Getting a massage is definitely one of the must-dos for anyone visiting China – how does getting pampered for more than an hour for about 10 US dollars sound to you? However, getting a massage in China can be quite a confusing experience for the first timer. There are so many choices on the “massage menu”, often with little or no English translation. Typically, a massage place will offer these different kinds of services:
Foot massage (足疗 - Zhu Liao)
This usually consists of soaking your feet in hot/warm water, followed by 30-60 minutes of massaging your feet. Sometimes they also include a brief period of head and body massage. Highly recommended.
Full body massage (保健 - Bao Jian)
Self explanatory - you are massaged from head to toe. Highly recommended.
Back rub (推背 - Tui Bei)
Your back is massaged and rubbed with oil. Sometimes they also put a warm mat/cloth on your back for therapeutic effect. Highly recommended.
Spine massage (整脊 - Zheng Ji)
You lay on your belly while they massage your neck/spinal column.
Ear candle (耳烛 - Er Zhu)
Only for the adventurous! They light a special candle and stick it into your ear. Apparently, the candle creates a suction effect which cleans out the gunk from your ear. It actually works pretty well – at the end, you can ask them to cut open the candle to show you the gunk that the candle removed.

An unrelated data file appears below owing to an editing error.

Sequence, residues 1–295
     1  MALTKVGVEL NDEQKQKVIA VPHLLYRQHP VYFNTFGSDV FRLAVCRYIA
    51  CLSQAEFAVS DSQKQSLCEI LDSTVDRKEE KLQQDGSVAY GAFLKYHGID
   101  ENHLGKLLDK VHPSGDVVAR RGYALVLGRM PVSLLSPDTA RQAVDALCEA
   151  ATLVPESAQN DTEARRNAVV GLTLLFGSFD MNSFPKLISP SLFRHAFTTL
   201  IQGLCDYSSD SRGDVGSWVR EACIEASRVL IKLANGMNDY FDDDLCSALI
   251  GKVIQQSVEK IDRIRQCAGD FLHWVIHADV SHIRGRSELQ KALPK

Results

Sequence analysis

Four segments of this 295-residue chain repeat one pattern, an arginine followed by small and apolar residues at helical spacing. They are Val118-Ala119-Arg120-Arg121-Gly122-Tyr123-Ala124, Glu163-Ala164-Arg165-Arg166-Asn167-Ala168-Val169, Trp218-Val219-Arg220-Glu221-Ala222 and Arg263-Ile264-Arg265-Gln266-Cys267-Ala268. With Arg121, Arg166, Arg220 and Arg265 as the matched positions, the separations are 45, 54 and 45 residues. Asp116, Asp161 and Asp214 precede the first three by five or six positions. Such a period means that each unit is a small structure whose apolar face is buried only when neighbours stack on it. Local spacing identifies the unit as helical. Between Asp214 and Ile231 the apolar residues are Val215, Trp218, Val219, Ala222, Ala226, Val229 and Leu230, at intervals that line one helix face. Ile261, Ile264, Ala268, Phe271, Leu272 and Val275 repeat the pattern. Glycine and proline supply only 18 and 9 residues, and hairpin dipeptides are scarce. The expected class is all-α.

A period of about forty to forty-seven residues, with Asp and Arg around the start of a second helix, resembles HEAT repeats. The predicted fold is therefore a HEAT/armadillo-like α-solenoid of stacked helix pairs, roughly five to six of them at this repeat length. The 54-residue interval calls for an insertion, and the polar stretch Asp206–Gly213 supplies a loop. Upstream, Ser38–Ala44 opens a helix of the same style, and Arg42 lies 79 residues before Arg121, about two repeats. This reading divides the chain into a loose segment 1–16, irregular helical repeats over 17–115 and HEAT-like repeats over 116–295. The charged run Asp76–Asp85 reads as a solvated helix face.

Scraping treatment (刮痧 - Gua Sha)
They use a tool to scrape your back, which apparently improves blood circulation. Only for the adventurous – it could hurt a little and leave prominent marks on your body for a few weeks.
Vacuum bottle treatment (拔罐 - Ba Guan)
They rapidly heat up bottles and stick them on your back to create a suction/vacuum effect. Some places will even drag the vacuumed bottles up and down your back : ) Warning: Only for the adventurous! It can be painful, and leave very prominent red marks on your back for many weeks.